ECC — error checking and correction — A type of memory that includes special circuitry for testing the accuracy of data as it passes in and out of memory.
ECP — extended capabilities port — A parallel connector design that provides improved bidirectional data transmission. Similar to EPP, ECP uses direct memory
access to transfer data and often improves performance.
EIDE — enhanced integrated device electronics — An improved version of the IDE interface for hard drives and CD drives.
EMI — electromagnetic interference — Electrical interference caused by electromagnetic radiation.
ENERGY STAR® — Environmental Protection Agency requirements that decrease the overall consumption of electricity.
EPP — enhanced parallel port — A parallel connector design that provides bidirectional data transmission.
ESD — electrostatic discharge — A rapid discharge of static electricity. ESD can damage integrated circuits found in computer and communications equipment.
expansion card — A circuit board that installs in an expansion slot on the system board in some computers, expanding the capabilities of the computer.
Examples include video, modem, and sound cards.
expansion slot — A connector on the system board (in some computers) where you insert an expansion card, connecting it to the system bus.
Express Service Code — A numeric code located on a sticker on your Dell™ computer. Use the Express Service Code when contacting Dell for assistance.
Express Service Code service may not be available in some countries.
extended display mode — A display setting that allows you to use a second monitor as an extension of your display. Also referred to as dual display mode.
extended PC Card — A PC Card that extends beyond the edge of the PC Card slot when installed.
Fahrenheit — A temperature measurement system where 32° is the freezing point and 212° is the boiling point of water.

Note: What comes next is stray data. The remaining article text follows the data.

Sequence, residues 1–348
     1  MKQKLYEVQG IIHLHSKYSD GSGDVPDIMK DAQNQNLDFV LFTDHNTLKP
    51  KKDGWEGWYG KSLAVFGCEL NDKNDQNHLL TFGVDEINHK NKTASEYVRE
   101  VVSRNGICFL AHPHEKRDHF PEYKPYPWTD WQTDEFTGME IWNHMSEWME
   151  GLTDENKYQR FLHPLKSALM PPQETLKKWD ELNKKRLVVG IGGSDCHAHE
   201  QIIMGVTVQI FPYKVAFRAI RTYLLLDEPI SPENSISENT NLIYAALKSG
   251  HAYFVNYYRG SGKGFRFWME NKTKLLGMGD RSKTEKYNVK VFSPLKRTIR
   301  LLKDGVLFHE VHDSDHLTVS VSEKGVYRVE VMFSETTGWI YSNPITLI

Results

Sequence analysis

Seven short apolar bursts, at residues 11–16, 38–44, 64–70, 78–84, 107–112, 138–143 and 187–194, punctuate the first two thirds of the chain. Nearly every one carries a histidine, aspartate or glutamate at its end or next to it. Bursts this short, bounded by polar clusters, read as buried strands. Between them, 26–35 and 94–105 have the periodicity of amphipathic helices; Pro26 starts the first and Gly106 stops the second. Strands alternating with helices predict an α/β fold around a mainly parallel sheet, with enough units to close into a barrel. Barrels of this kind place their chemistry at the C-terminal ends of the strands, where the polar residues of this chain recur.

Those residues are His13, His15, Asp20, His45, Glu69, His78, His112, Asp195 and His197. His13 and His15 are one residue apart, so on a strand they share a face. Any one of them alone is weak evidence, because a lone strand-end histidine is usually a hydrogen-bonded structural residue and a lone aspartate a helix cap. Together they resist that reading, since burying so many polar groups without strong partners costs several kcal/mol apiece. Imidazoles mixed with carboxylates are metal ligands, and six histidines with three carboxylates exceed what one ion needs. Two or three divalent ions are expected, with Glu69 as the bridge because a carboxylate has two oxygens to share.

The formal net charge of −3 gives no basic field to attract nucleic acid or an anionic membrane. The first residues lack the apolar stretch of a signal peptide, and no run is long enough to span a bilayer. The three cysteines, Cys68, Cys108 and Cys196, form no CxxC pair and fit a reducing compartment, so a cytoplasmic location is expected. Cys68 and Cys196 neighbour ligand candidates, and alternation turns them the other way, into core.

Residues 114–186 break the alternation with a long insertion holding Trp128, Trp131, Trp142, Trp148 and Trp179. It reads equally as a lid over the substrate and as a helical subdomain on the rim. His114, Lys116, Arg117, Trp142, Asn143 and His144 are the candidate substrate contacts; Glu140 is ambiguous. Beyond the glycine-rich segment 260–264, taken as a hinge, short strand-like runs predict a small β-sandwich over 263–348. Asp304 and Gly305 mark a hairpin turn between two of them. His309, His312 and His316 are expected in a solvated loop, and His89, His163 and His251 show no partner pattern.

FCC — Federal Communications Commission — A U.S. agency responsible for enforcing communications-related regulations that state how much radiation
computers and other electronic equipment can emit.
floppy drive — A disk drive that can read and write to floppies.
folder — A term used to describe space on a disk or drive where files are organized and grouped. Files in a folder can be viewed and ordered in various ways,
such as alphabetically, by date, and by size.
format — The process that prepares a drive or disk for file storage. When a drive or disk is formatted, the existing information on it is lost.
FSB — front side bus — The data path and physical interface between the processor and RAM.
FTP — file transfer protocol — A standard Internet protocol used to exchange files between computers connected to the Internet.
G — gravity — A measurement of weight and force.
GB — gigabyte — A measurement of data storage that equals 1024 MB (1,073,741,824 bytes). When used to refer to hard drive storage, the term is often
rounded to 1,000,000,000 bytes.
GHz — gigahertz — A measurement of frequency that equals one thousand million Hz, or one thousand MHz. The speeds for computer processors, buses, and
interfaces are often measured in GHz.
graphics mode — A video mode that can be defined as x horizontal pixels by y vertical pixels by z colors. Graphics modes can display an unlimited variety of
shapes and fonts.
GUI — graphical user interface — Software that interacts with the user by means of menus, windows, and icons. Most programs that operate on the Windows
operating systems are GUIs.
hard drive — A drive that reads and writes data on a hard disk. The terms hard drive and hard disk are often used interchangeably.
heat sink — A metal plate on some processors that helps dissipate heat.
help file — A file that contains descriptive or instructional information about a product. Some help files are associated with a particular program, such as Help in
Microsoft Word. Other help files function as stand-alone reference sources. Help files typically have a filename extension of .hlp or .chm.
hibernate mode — A power management mode that saves everything in memory to a reserved space on the hard drive and then turns off the computer.
When you restart the computer, the memory information that was saved to the hard drive is automatically restored.
HTML — hypertext markup language — A set of codes inserted into an Internet web page intended for display on an Internet browser.